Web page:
The dessert we had in Mikla was so good, I wanted to create my own around the kaymak ice-cream. Kaymak is a Turkish version of clotted cream, but you can use either. Turkey has some of the best honey in the world, so I’ve combined that with the simit and kaymak to make a knockout dessert.
- 450 ml milk
- 6 egg yolks
- 70 g caster sugar
- 250 g kaymak (see Note)
- 3 egg whites
- 190 g sugar
- 125 g unsalted butter, melted
- 60 g tahini
- 125 g plain flour
- 50 g white sesame seeds
- 125 g caster sugar
- 125 g (1 ¼ cups) almond meal
- 75 g (½ cup) plain flour
- 50 g cocoa powder
- pinch of sea salt flakes
- 60 g unsalted butter, melted
- 1 sheet gold leaf gelatine
- 110 g honey
- 150 g unsalted butter, at room temperature
- 1 vanilla pod, split and scraped
- pinch of salt
- 50 ml thickened cream, whipped to stiff peaks
- thyme flowers and lemon balm leaves, to serve
Oven temperatures are for conventional; if using fan-forced (convection), reduce the temperature by 20˚C. | We use Australian tablespoons and cups: 1 teaspoon equals 5 ml; 1 tablespoon equals 20 ml; 1 cup equals 250 ml. | All herbs are fresh (unless specified) and cups are lightly packed. | All vegetables are medium size and peeled, unless specified. | All eggs are 55-60 g, unless specified.
Freezing/chilling time overnight
You will need to begin this recipe 1 day ahead.
To make the kaymak ice-cream, I would normally prepare the anglaise (custard) in the restaurant using a Thermomix. To do so, place the milk, egg yolks and sugar in a Thermomix set to 80°C and blend on speed 4 for 7 minutes. When the time as elapsed, blend on speed 7 for 5 seconds, then pass through a fine sieve into a jug, cool, then refrigerate for 2-3 hours or until chilled.
To make the anglaise the old-fashioned way, bring the milk to the boil and set aside. Whisk the egg yolks and sugar until thick and pale, then slowly pour in the hot milk, whisking continuously. Return the mixture to the pan over medium-low heat. Cook, whisking continuously until the mixture reaches 80°C. Transfer the anglaise to a blender and blend for 10 seconds. Strain through a fine sieve into a jug, cool, then refrigerate for 2-3 hours or until chilled.
Pour the anglaise into an ice-cream machine, add the kaymak and churn according to manufacturers’ instructions. Freeze overnight or until firm.
To make the simit tuille, using a stand mixer, whisk the egg whites and sugar on medium speed until well combined but not foamy With the motor running, slowly add the butter and tahini until well combined. Add the flour and combine well, then transfer to a bowl, cover and refrigerate for 4 hours. Preheat the oven to 180°C. Spread the paste onto a rectangular stencil (or whatever shape you like) onto a silicone baking mat. Sprinkle with the sesame seeds and bake for 4-6 minutes or until golden brown. Cool, then store in an airtight container.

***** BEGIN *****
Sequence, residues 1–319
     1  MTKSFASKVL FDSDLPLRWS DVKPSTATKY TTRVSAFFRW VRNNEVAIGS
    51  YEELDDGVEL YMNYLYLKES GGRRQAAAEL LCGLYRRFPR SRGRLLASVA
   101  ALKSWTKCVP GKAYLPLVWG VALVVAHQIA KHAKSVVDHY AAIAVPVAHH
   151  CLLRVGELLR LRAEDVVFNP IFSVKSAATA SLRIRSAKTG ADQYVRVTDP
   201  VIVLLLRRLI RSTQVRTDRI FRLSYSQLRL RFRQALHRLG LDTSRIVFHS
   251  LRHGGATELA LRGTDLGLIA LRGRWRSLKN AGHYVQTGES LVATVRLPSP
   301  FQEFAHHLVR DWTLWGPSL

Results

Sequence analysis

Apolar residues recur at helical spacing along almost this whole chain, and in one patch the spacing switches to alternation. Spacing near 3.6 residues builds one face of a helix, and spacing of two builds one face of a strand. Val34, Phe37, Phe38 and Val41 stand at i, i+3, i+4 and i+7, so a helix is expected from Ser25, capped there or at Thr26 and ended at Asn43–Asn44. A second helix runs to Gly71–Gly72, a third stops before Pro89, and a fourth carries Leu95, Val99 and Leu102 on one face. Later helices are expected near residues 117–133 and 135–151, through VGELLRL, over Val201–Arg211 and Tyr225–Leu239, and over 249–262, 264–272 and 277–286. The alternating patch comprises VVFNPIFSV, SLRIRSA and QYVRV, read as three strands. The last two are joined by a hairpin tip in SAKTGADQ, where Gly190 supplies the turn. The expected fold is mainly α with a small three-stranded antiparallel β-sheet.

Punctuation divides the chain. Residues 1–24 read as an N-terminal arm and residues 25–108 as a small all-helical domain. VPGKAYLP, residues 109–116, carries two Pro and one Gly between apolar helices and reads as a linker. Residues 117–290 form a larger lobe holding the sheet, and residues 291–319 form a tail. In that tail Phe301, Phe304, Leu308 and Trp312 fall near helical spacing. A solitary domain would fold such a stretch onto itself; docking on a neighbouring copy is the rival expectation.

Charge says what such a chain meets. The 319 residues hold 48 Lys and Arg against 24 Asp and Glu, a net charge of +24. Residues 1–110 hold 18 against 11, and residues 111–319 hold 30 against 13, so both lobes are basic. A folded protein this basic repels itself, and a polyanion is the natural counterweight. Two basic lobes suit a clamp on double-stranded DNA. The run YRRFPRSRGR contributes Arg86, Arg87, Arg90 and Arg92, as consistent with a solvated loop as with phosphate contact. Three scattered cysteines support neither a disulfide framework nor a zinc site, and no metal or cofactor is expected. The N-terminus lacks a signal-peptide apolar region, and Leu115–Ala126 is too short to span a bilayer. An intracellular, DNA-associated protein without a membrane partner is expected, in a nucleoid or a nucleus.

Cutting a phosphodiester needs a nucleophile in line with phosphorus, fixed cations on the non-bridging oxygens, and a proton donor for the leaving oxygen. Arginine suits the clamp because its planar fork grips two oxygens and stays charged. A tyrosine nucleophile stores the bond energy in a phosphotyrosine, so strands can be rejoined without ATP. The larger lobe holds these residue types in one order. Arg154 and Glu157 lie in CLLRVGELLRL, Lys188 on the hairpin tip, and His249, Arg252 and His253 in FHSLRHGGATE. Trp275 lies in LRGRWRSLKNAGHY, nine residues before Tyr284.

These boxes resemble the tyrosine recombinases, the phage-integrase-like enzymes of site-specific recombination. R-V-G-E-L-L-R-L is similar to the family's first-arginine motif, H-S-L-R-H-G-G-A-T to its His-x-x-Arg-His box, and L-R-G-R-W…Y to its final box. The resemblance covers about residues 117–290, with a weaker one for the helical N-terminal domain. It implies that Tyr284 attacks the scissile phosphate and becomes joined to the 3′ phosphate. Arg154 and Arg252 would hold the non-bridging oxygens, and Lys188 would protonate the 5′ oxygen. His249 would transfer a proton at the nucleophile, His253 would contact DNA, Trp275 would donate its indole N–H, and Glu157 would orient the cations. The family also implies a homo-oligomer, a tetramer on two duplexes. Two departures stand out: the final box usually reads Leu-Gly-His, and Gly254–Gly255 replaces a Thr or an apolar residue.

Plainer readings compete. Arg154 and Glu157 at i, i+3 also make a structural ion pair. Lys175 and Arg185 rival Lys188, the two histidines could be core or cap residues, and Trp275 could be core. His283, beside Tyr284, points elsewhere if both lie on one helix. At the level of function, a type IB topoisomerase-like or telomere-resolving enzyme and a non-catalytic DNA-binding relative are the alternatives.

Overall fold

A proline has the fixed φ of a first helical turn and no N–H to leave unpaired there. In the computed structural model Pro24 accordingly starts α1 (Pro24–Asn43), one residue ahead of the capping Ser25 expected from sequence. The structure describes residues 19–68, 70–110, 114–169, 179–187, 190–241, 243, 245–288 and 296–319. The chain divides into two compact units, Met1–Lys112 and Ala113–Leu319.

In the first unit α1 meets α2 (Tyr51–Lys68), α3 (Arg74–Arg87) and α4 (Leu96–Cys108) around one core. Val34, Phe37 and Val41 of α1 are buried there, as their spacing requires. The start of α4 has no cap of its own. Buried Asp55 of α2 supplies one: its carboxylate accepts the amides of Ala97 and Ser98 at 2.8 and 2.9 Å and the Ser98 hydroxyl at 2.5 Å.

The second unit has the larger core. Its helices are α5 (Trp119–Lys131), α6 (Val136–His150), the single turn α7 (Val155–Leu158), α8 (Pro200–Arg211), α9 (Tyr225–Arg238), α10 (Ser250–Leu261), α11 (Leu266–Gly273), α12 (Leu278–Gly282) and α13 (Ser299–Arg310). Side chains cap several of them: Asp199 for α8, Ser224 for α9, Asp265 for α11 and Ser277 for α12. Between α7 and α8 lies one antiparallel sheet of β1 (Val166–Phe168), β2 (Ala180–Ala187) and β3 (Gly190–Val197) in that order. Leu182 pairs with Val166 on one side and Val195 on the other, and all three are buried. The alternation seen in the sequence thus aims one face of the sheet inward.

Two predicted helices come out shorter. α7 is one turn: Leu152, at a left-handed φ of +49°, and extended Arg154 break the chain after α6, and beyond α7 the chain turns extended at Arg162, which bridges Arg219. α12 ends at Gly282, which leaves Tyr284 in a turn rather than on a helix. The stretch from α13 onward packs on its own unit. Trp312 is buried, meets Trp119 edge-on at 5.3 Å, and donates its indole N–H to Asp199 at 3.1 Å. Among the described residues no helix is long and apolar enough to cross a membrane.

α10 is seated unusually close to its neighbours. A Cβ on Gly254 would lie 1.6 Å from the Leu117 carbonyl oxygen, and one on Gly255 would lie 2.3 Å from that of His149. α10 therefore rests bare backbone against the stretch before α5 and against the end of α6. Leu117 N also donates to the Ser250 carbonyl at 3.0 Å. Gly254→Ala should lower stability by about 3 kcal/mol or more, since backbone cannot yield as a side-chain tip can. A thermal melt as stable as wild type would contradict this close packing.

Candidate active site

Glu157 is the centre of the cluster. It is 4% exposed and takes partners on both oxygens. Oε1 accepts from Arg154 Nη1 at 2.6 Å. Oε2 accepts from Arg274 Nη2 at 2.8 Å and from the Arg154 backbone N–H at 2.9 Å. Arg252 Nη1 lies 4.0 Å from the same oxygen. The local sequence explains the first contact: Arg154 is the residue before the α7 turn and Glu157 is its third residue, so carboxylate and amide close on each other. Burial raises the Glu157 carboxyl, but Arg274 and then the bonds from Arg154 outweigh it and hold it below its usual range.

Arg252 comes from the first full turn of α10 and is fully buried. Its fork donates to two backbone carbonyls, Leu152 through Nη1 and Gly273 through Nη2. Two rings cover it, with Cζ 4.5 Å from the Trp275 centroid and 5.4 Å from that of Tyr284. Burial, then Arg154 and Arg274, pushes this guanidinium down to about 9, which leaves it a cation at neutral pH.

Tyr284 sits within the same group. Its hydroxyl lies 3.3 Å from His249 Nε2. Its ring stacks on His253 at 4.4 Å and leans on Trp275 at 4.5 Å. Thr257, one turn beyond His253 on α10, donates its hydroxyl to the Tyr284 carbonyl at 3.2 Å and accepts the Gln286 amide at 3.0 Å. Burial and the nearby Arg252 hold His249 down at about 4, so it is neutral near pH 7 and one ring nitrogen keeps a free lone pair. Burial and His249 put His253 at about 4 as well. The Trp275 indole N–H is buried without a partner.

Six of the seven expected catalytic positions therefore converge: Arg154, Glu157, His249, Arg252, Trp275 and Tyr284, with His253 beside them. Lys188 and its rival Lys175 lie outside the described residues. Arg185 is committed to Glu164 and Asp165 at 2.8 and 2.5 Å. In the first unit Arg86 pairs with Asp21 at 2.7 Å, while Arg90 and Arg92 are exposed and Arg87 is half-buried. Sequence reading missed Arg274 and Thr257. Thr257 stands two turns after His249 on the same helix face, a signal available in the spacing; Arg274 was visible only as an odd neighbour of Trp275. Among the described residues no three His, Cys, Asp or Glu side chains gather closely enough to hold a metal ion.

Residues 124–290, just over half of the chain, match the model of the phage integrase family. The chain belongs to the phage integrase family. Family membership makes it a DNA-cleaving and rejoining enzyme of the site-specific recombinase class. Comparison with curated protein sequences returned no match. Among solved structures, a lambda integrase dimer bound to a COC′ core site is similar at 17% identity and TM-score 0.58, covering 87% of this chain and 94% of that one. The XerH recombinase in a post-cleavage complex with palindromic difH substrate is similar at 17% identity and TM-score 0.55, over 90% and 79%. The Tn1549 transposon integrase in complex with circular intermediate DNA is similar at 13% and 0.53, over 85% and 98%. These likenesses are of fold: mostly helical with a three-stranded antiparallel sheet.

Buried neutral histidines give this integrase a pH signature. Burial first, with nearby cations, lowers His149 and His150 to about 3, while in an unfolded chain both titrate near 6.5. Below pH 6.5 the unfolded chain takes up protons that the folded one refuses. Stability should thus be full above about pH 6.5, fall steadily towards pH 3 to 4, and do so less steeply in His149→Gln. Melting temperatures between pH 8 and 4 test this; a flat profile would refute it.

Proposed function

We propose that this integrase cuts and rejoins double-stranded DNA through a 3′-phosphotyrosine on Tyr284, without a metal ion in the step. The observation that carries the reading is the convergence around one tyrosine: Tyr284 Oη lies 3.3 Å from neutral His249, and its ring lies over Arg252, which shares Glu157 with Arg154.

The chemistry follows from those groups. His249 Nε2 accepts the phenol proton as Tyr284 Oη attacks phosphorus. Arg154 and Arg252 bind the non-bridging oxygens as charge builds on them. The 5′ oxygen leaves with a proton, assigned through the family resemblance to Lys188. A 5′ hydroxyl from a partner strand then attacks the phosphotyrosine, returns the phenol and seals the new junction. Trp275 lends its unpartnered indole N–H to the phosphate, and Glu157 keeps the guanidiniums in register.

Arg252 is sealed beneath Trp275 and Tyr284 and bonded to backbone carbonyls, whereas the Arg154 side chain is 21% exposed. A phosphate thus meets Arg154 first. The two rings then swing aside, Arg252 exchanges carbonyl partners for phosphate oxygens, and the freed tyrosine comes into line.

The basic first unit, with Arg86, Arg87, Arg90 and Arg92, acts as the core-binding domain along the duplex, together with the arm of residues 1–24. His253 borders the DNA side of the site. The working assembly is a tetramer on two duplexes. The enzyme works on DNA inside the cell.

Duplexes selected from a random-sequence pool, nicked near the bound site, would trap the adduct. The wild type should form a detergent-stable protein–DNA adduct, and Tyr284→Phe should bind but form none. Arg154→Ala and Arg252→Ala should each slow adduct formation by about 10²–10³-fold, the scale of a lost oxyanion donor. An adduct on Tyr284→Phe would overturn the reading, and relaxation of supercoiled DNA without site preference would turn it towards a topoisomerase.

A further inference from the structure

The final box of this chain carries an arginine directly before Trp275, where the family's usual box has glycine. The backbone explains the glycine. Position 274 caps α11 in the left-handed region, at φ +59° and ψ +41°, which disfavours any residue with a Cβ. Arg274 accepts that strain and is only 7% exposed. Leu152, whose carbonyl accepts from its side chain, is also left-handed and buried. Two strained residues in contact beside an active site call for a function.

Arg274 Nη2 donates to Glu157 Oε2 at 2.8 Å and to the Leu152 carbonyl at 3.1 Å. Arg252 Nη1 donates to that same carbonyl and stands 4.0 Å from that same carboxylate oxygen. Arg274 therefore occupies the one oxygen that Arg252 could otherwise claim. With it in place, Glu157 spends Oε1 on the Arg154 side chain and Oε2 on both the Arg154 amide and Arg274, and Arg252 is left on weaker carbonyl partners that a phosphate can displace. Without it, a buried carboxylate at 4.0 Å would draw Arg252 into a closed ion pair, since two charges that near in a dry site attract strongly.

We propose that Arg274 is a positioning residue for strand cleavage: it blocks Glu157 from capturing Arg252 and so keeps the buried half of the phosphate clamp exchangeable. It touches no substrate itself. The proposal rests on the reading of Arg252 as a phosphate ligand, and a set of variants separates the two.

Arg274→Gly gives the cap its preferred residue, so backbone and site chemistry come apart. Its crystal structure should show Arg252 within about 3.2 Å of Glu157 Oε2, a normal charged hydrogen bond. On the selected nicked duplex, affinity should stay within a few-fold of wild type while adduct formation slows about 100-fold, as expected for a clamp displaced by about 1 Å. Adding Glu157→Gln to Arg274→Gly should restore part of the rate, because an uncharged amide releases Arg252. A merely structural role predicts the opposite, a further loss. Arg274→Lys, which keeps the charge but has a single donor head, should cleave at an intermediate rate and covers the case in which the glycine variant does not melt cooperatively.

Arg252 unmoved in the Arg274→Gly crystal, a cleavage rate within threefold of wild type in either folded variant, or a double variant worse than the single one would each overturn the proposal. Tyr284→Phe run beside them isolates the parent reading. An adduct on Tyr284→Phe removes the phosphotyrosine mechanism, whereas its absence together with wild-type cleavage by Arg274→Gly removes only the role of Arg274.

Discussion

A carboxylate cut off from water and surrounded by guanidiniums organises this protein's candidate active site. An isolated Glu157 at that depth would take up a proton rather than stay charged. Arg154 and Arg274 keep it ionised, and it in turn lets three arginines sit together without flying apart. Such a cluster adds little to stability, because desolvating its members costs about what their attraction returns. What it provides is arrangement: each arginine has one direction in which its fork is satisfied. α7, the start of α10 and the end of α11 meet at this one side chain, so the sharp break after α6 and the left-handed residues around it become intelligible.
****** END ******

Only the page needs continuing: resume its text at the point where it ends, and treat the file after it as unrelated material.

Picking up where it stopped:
To make the chocolate soil, preheat the oven to 150°C. Combine the dry ingredients in a bowl, then stir in the melted butter until the mixture looks mealy. Spread over a lined baking tray and bake for 10-15 minutes, stirring occasionally. Cool, then store in an airtight container.
To make the honey curd, soak the gelatine in iced water, the drain and squeeze out the excess water from the gelatine. Place the honey, 110 g butter, vanilla bean seeds, scaped bean and the salt into a saucepan and whisk over medium heat until the mixture comes to the boil. Remove from the heat and whisk in the soaked gelatine. Pour the mixture into a bowl and refrigerate for at least 2 hours or until cold and set. Just before serving, using a stand mixer fitted with a whisk attachment, whisk the mixture on high speed for 30 seconds or until light and fluffy. Whisking continuously, add the remaining 40 g butter and beat until the mixture is pale, thick and smooth. Gently fold through the whipped cream and transfer contents to a piping bag. This should be used immediately as it becomes too firm if refrigerated for too long. Massage the piping bag against a bench before using if necessary.
To serve, pipe the honey curd on the bottom of a bowl and the sprinkle chocolate soil on top. Place a scoop of kaymak ice-cream on top and garnish with flowers. Place the simit tuille over the rim of the bowl and serve immediately.
• Kaymak is a thick, rich Turkish cream made from buffalo or cow’s milk. Similar to clotted cream, it is typically served with a drizzle of honey for breakfast, or used to make Turkish baklava and pancake fillings.